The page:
The Perfect Amount of Snow

I’ve heard people complaining – sarcastic comments like “It’s snowing again.  Just what we need – more snow.”  Personally I think we have the perfect amount of snow.

The tunnel under the hill looks like this;

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I usually clear the snow away from the entrances to the tunnel but on one inservice day the school-age children built up the snow there to create a ‘jail’.  I didn’t want to disturb their structure so I left it and more snow has accumulated there.  The school-age children would no longer be able to get inside the tunnel but some of the preschoolers can and love it;

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The path through the garden is terrific;

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Not at all like it was in February 2012;

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That was just a pathetic amount of snow.

However, in 2011 we had far too much snow even for me and I like snow.  In 2011 I nearly ran out of places to put the snow and the garden looked like this;

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Too much snow in 2011. Too little snow in 2012.  The perfect amount of snow in 2013 🙂

The Forgotten Activity

During the bitterly cold period when our outdoor time was limited I decided to bring a little ‘Spring Time’ into our indoor environment. We started with a small planter and added rocks for drainage;

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The soil was next – so smooth and soft compared to those rocks;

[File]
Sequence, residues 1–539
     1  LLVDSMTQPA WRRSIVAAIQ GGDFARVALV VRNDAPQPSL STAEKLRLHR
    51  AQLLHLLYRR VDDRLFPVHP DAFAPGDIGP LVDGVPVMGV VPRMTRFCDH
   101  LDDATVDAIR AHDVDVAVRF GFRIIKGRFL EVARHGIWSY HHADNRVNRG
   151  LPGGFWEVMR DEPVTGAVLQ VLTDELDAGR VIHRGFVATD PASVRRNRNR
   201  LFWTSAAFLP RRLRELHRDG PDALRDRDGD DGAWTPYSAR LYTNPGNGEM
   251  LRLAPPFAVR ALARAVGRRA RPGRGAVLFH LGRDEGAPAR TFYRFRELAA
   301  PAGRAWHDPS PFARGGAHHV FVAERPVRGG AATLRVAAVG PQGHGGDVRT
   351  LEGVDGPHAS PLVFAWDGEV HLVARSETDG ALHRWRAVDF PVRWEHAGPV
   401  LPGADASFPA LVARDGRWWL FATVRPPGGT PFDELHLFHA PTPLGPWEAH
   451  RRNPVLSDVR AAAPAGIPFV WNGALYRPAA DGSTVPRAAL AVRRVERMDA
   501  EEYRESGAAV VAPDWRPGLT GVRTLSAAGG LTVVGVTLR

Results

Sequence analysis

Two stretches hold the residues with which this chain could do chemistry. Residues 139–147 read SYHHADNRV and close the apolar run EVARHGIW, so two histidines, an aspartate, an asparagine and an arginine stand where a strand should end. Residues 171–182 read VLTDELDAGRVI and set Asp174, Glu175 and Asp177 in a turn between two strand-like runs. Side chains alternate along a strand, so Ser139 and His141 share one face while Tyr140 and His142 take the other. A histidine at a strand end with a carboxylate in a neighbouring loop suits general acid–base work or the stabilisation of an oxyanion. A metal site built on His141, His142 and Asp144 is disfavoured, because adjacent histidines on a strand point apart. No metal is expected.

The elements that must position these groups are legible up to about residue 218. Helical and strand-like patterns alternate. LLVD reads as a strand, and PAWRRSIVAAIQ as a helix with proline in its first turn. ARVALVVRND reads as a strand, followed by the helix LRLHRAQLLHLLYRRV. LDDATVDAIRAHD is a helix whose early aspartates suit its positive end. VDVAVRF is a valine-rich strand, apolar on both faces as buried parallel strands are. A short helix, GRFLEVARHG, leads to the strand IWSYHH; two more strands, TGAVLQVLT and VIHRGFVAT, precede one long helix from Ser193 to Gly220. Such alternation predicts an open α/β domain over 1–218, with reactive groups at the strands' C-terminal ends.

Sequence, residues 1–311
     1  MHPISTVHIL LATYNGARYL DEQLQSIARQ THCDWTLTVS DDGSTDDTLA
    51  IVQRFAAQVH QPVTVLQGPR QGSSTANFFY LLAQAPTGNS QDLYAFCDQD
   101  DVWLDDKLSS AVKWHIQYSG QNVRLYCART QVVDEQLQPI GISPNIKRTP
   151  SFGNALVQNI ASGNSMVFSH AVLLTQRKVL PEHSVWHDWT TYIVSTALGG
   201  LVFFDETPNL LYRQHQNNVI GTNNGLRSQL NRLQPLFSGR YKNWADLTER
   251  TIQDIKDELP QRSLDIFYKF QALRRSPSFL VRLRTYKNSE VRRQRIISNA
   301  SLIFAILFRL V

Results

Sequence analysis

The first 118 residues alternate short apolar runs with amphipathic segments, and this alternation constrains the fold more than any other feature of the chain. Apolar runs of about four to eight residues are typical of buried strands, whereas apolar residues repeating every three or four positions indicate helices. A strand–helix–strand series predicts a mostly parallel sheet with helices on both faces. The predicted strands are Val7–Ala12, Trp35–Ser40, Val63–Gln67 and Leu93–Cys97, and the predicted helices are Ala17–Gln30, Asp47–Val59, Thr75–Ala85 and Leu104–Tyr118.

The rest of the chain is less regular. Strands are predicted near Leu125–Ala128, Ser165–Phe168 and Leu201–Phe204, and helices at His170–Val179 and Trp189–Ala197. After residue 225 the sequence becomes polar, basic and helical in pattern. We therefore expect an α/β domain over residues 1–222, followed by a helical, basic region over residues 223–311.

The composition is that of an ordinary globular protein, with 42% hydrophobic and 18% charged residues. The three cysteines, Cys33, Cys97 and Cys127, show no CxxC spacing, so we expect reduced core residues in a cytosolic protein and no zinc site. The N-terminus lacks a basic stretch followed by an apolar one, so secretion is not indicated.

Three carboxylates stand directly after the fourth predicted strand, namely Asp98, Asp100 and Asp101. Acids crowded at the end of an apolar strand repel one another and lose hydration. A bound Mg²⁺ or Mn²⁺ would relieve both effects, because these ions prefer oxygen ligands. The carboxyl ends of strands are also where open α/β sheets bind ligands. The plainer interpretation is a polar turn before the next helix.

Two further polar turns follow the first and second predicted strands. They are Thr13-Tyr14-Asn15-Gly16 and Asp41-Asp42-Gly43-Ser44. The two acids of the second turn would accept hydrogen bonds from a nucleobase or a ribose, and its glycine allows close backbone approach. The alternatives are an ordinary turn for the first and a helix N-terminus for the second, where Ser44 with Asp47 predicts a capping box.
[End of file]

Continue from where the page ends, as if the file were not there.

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Grass seeds are prickly;

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We pushed them down into the soil;

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We added a little water and then I placed the planter on a shelf in the sunroom – out of reach of the cats.

And then we forgot about it.

Seriously!  The weather warmed up and we spent many hours outdoors playing in the snow.  We got busy and completely forgot about this activity until one day when my husband asked “What are you planning to do with that grass?”

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I quickly brought the planter down so the children could see and feel;

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Even when we forgot to watch Mother Nature was busy doing her job 🙂

Sorting Colours

The children and I have enjoyed painting the snow, decorating the yard with coloured ice and hunting for colours in the playroom.  More recently we tried a new colour game.

I started with the colour wheel again – this time using a circular container with six outer sections and one center section.  I filled the center section with pom poms and gave the children tongs – a fine motor challenge.

Some of the children eagerly started using the tongs to sort the pom poms into the appropriate sections;

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The younger ones spent a long time examining the tongs trying to understand this new tool.  At first they used them to simply ‘stir’ the pom poms.

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When they wanted to join in the sorting they abandoned the tongs and used just their hands instead.